Government has to stop looking for cheap way to address doctor shortage, says GP – Home | The Current with Anna Maria Tremonti

Wednesday May 03, 2017

Nova Scotia’s doctor shortage — about 10 per cent of the population can’t find a general practitioner —  is a hot-button issue in the election campaign that just started April 30.

And it’s an issue voters on the other side of the country are talking about in B.C. as they head to the polls next week. They are also facing a shortage of family doctors. About 700,000 people in the province don’t have a family doctor — which is about 15 per cent of the population. 

Family physician Chris Pengilly in Victoria, B.C., points to the changing face of family medicine as part of the issue.

Fewer family physicians are interested in the traditional family practice model, with the high overhead, long hours and added responsibilities that go with it.

He suggests scrapping the fee-for-service model that governs most of the Canadian health-care system is the place to start.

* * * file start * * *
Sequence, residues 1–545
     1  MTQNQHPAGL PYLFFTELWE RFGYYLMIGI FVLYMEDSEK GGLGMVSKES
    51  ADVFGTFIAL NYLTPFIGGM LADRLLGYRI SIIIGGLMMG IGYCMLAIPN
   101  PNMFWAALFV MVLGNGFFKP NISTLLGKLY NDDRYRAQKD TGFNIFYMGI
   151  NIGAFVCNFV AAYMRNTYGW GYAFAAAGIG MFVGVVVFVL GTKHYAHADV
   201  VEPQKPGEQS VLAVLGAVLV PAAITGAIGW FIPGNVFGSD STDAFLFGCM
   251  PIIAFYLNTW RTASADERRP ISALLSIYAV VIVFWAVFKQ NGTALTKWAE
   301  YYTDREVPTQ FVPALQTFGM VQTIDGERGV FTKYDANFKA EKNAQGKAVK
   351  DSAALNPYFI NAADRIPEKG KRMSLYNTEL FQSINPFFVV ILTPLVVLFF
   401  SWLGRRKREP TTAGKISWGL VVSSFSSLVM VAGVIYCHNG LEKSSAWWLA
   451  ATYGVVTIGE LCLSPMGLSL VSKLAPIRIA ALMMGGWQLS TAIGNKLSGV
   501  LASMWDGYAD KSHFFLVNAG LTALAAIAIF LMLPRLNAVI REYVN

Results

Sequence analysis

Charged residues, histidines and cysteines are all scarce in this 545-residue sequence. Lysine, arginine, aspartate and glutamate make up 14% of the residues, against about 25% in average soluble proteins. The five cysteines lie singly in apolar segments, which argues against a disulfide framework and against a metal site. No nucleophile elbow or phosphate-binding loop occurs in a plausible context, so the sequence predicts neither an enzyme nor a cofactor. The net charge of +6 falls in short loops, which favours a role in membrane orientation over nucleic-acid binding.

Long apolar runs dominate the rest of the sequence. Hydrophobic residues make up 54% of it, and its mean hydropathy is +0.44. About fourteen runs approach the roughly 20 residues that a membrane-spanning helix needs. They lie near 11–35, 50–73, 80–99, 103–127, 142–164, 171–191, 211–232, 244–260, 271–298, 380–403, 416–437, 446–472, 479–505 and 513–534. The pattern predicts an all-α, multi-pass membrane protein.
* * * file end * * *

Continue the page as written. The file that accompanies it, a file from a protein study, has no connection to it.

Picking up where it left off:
“It’s time it was rewritten completely. It’s like an old car. It’s got three new gearboxes and four new engines, new upholstery and new tires. But, you know, it’s time to just dump it and get a new one,” Pengilly tells The Current‘s Anna Maria Tremonti.

The shortage of doctors in Nova Scotia is worsening as a growing number of physicians near retirement, recruitment levels lag and health needs become more complex, warned Doctors Nova Scotia. (Shutterstock/funnyangel)

Pengilly says “hospitalists” — family physicians who work out of hospitals — are paid an hourly rate and have none of the overhead costs associated with running their own practice. And they work a regular 40-hour work week, allowing them to maintain a better work-life balance. 

However, the biggest challenge Pengilly points out will be the money needed to make substantive change to the health-care system.

“Governments are not looking for a better…

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